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|Deterministic modelling of kinetics and radiobiology of radiation-cisplatin interaction in the treatment of head and neck cancers.
|Marcu, Loredana Gabriela
|School of Chemistry and Physics
|One of the main objectives of combining radiation treatment and chemotherapy is to obtain a therapeutic gain by an improved tumour control with less or no enhancement of normal tissue toxicity. The optimal schedule for the combined treatment of cisplatin-radiation is still under investigation. Neither the optimal time interval, nor the most adequate sequence of administration of cisplatin and radiation are known. The results of the trials are also inconclusive. Some trials showed a supra-additive effect from the administration of cisplatin before radiotherapy, others, on contrary, from the injection of drug after radiotherapy. The present work encompasses the major challenges brought by the combined modality treatment: cisplatin-radiotherapy. The major goal of this work was to investigate the optimal treatment sequencing between cisplatin and radiotherapy and also the optimal schedule for head and neck carcinomas. Therefore, a computer-based tumour model with literature-given biological parameters has been developed which has allowed the simulation of treatment with radiation and chemotherapy. Radiotherapy has been simulated on the virtual tumour and the effects of radiotherapy on tumour regression and regrowth have been analyzed. Also, the mechanisms of cisplatin's action on tumour have been implemented, and the phenomena of drug resistance and tumour repopulation during chemotherapy studied. Finally, the combined modality treatment has been simulated, and the effect of drug-radiation interaction on tumour behaviour evaluated. The current investigation has shown that cisplatin administered immediately before radiation gives similar tumour control to the post-radiation sequencing of the drug. Furthermore, the killing effect of the combined modality treatment on tumour increases with the increase in cell recruitment. The individual cell kill produced by cisplatin and radiation leads to an additive-only tumour response when the treatments are given concurrently, and for a synergistic effect cisplatin must potentiate the effect of radiation. The final conclusion, by which cisplatin administered on a daily basis leads to a better tumour control than cisplatin administered weekly, is in accordance with the latest trial results on head and neck cancers. Therefore, treatment regimens that correlate better with the pharmacokinetics and the radiobiological properties of the therapeutic agents result in better outcomes.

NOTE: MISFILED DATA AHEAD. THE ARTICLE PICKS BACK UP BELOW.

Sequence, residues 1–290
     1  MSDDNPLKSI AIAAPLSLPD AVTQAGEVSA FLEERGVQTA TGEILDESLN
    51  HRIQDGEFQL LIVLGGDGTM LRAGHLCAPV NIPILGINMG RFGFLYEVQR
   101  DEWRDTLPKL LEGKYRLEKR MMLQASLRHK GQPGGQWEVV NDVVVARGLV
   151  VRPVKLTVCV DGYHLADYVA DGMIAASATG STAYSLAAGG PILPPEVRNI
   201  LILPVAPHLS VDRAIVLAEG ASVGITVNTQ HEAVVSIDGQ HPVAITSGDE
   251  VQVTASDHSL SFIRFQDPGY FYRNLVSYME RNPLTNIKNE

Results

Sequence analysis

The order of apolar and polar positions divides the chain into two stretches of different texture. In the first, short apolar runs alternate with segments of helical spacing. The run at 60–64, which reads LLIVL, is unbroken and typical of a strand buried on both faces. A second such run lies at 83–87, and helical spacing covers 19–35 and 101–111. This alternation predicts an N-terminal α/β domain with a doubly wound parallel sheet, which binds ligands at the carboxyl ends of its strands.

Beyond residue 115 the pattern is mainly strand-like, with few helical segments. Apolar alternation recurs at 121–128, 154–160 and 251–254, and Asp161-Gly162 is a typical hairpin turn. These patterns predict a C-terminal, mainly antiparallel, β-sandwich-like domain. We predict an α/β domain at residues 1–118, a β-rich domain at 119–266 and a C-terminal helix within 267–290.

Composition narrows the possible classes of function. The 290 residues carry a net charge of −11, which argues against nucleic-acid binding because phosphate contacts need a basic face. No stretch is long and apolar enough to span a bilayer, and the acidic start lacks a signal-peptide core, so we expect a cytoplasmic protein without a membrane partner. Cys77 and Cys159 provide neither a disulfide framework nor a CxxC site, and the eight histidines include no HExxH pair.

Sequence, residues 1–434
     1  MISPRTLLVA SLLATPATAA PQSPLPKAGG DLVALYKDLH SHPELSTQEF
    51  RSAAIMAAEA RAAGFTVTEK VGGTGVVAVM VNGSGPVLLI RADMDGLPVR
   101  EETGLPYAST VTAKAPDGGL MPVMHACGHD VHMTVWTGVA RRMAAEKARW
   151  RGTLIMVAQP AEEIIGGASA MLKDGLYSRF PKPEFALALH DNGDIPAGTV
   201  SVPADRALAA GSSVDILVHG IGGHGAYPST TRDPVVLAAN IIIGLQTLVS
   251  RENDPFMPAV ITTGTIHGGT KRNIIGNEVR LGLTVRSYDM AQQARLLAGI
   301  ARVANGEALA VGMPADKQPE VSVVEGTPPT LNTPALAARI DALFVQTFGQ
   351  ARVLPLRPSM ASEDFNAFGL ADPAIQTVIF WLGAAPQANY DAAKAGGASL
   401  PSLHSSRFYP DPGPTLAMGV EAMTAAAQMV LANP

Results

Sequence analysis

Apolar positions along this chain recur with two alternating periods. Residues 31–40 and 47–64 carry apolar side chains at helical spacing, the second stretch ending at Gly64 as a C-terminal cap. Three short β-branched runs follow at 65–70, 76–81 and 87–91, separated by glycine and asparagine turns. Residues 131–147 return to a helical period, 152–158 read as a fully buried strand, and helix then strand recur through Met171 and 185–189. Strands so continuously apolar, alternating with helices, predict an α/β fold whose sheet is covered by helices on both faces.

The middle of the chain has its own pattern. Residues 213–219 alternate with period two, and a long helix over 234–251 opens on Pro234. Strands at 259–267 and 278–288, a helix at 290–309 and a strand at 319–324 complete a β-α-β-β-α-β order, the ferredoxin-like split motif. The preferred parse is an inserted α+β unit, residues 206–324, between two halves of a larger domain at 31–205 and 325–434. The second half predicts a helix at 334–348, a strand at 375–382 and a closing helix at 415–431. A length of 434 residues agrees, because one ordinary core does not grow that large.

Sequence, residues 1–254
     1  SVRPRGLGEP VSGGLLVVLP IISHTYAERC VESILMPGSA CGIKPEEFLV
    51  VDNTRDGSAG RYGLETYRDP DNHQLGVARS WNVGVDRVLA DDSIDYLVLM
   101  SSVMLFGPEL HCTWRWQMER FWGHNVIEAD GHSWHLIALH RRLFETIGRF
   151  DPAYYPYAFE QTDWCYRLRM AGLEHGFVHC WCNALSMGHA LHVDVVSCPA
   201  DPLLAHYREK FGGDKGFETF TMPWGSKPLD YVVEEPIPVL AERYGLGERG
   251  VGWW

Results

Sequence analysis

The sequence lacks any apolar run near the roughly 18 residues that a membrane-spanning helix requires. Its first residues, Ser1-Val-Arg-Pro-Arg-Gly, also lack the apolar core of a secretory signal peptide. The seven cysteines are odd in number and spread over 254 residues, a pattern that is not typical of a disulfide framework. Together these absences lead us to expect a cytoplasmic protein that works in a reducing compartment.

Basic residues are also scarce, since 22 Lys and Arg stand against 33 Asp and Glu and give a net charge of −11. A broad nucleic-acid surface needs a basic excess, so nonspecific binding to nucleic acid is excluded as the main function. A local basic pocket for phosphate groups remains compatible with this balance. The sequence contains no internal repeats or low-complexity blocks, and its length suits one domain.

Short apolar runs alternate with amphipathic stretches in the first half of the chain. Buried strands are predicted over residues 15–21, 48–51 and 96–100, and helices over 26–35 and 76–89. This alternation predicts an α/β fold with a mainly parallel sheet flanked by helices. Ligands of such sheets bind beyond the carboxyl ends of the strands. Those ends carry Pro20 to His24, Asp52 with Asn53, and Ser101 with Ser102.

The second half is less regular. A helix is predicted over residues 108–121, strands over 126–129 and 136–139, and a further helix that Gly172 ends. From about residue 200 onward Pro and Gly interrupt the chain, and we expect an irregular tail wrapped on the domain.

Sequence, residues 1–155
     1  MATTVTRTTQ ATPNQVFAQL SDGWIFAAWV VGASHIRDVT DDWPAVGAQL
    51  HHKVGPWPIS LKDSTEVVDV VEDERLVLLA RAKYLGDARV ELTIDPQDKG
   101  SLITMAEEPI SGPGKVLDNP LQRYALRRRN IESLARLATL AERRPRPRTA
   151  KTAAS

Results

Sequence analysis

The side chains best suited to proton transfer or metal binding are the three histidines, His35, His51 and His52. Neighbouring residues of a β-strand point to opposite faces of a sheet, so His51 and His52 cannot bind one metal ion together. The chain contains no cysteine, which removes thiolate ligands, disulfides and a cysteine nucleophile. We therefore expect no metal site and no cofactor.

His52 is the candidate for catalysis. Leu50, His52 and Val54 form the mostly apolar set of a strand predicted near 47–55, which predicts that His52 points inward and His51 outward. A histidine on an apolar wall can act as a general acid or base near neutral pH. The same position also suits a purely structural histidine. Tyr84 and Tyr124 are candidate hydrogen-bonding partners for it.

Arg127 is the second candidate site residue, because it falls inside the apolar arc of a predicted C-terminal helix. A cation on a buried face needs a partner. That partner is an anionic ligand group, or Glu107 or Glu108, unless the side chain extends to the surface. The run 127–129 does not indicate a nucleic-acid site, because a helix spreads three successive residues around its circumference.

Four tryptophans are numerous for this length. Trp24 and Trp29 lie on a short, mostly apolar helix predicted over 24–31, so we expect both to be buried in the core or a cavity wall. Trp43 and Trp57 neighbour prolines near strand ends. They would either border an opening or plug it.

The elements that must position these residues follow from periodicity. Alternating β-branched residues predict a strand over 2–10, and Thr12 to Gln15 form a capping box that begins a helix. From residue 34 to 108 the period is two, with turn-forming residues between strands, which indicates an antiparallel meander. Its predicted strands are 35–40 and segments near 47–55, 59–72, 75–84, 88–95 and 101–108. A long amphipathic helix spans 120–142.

|Doorn, Tim Van
|Thesis (Ph.D.)--University of Adelaide, School of Chemistry and Physics, 2004.
|head cancer, neck cancer, cancer, tumors, tumours, pharmacokinetics, radiotherapy, chemotherapy, cisplatin
|This electronic version is made publicly available by the University of Adelaide in accordance with its open access policy for student theses. Copyright in this thesis remains with the author. This thesis may incorporate third party material which has been used by the author pursuant to Fair Dealing exception. If you are the author of this thesis and do not wish it to be made publicly available or If you are the owner of any included third party copyright material you wish to be removed from this electronic version, please complete the take down form located at: http://www.adelaide.edu.au/legals
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